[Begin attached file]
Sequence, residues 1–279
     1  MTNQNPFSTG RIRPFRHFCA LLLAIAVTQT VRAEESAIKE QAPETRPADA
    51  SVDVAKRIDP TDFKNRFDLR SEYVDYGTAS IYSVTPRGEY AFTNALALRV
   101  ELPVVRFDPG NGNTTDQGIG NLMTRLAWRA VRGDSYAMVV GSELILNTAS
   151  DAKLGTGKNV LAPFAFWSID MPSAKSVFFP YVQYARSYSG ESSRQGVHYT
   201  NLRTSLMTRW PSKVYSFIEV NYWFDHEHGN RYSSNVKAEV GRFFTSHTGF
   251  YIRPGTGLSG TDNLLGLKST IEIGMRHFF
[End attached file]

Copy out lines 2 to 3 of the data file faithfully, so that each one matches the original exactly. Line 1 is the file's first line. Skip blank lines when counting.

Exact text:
     1  MTNQNPFSTG RIRPFRHFCA LLLAIAVTQT VRAEESAIKE QAPETRPADA
    51  SVDVAKRIDP TDFKNRFDLR SEYVDYGTAS IYSVTPRGEY AFTNALALRV